Yet, in spite of this fact, students who learn more of the economics content, as measured by their TUCE
scores, seem to achieve gains in their critical thinking skills.
Emerson and Taylor (2004) examine data from two sections of introductory microeconomics taught with significant use of classroom experiments and seven sections taught in the traditional lecture/class discussion format during one semester, and they find that students in the experiment sections experienced a significantly larger improvement in their TUCE
scores than those in the lecture/ discussion sections.
After controlling for student- and section-level characteristics, our results indicate that students in the experimental sections improved their TUCE
scores by an average of 2.
Teacher performance on the TUCE
is also representative of teacher performance nationally (Allgood and Walstad, 1999).
4] However, the TUCE
requires the utilization of two class periods to conduct pre- and post-tests, focuses only on economic concepts, and reflects more Keynesian-oriented content than is typically included in these courses.
A subset of the data collected in norming the third edition of the Test of Understanding College Economics is the TUCE
III data set.
III is a standardized multiple choice test consisting of a 30-question microeconomics test and a 30-question macroeconomics test (with three optional international questions) designed to test learning in college principles classes.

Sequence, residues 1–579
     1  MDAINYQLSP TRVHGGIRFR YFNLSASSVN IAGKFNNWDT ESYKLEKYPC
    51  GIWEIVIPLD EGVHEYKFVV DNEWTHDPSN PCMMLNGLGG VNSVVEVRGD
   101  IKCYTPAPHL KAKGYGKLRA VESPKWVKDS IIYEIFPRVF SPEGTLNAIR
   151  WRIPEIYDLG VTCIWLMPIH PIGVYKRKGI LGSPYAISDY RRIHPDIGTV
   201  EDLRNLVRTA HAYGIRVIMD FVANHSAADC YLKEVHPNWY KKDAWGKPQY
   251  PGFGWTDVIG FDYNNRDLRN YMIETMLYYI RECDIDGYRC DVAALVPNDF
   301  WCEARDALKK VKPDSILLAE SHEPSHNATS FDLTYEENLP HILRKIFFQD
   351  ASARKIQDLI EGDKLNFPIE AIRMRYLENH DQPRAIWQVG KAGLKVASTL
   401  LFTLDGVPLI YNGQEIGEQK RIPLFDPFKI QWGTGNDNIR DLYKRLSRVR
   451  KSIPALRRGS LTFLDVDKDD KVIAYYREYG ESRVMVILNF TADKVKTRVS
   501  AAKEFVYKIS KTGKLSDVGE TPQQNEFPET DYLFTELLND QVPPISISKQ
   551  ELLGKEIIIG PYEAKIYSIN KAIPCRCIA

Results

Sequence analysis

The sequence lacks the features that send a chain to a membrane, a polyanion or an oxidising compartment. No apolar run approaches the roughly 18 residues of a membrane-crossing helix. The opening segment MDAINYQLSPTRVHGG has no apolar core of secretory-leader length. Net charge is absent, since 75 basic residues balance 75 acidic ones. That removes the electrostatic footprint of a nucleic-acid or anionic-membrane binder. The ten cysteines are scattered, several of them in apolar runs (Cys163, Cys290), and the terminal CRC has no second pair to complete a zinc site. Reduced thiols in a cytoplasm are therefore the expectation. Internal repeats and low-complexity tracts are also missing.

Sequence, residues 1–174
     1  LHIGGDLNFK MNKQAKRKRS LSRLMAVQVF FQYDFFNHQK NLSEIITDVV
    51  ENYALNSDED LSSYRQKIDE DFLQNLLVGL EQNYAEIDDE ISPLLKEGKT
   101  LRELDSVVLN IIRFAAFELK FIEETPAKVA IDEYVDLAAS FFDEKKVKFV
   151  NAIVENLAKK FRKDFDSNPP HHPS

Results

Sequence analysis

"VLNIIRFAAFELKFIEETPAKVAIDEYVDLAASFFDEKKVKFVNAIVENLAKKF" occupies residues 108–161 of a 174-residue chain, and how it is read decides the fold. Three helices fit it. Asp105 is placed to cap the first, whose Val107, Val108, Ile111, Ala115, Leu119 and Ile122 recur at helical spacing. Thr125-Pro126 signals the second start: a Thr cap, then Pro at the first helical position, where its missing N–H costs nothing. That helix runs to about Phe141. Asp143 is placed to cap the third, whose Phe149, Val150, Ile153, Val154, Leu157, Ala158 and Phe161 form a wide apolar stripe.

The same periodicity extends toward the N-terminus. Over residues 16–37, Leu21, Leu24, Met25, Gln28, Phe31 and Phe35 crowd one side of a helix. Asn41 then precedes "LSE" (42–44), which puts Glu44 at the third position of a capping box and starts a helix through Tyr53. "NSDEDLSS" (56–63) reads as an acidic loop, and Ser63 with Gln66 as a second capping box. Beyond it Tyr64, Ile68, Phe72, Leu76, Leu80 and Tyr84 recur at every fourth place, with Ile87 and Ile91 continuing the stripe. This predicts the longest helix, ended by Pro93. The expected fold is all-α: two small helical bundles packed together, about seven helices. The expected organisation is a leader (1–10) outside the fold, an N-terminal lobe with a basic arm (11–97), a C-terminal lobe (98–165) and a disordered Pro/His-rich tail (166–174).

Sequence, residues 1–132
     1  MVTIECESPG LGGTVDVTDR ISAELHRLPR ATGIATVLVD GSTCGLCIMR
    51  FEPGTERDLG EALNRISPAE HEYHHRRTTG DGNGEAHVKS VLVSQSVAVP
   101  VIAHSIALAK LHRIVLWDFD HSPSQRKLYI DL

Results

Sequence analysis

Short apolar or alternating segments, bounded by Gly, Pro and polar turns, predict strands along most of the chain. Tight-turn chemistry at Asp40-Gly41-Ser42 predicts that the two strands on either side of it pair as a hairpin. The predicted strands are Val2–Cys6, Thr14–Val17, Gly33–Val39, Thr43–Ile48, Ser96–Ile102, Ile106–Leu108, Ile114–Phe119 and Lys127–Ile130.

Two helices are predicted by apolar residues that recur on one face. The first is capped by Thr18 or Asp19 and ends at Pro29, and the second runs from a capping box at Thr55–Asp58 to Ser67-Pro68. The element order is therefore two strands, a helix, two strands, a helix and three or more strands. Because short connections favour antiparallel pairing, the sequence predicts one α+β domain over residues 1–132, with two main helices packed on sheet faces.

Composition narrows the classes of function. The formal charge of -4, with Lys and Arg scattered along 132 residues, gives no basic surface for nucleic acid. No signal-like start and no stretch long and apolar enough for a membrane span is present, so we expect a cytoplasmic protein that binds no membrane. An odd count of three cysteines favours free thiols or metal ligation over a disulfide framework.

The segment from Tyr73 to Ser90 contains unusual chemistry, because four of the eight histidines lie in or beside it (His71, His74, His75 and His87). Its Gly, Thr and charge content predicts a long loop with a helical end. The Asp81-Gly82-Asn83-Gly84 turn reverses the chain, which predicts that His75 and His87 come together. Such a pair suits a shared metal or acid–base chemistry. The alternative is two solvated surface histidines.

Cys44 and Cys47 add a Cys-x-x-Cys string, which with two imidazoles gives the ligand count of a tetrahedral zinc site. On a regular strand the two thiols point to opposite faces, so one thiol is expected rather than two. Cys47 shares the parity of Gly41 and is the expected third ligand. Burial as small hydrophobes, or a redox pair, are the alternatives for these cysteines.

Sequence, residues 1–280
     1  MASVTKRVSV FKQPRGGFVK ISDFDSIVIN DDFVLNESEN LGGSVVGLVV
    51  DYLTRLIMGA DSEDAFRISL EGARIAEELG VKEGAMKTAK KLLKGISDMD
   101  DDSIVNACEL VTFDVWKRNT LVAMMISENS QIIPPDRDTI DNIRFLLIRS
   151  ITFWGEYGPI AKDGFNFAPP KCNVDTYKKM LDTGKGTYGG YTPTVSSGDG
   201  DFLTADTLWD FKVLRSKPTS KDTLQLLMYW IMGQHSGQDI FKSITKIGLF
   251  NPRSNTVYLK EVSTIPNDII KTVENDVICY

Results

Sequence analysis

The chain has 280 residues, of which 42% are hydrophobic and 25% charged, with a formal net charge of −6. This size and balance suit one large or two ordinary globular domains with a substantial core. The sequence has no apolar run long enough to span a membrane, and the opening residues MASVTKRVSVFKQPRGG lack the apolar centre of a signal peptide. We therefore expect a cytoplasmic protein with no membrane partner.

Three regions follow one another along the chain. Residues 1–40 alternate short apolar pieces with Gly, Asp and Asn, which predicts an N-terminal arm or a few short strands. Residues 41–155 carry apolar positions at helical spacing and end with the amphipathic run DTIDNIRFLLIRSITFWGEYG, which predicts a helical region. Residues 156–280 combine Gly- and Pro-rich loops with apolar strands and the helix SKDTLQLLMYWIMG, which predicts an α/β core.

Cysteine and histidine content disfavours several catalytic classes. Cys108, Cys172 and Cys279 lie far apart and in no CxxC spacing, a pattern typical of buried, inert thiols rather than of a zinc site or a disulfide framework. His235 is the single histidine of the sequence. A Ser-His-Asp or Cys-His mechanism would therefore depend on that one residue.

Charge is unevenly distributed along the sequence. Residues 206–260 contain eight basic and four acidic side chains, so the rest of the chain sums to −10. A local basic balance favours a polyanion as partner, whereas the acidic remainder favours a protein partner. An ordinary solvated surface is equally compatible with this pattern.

Furthermore, the editors stated that my criticisms of the TUCE
were slanderous toward the creators of the instrument.
Defining learning as pretest to posttest differences by individual students' TUCE
scores and calculating a simple correlation results in the following:
They include the SAT score as a measure of aptitude, the TUCE
(Test of Understanding of College Economics) pre-test as a measure of the stock of knowledge, and the percentage change in the pre- versus the post-test TUCE
score as a measure of achievement in introductory economics courses.
The testing instrument was designed specifically for CEEP and is adapted from the third version of the TUCE
and the Advanced Placement Test of Economics (ORC Macro, 2002).
While we could have used some form of standardized test, such as the TUCE
, to measure student knowledge about economics, this approach proved too costly, both in terms of class time and institutional resources.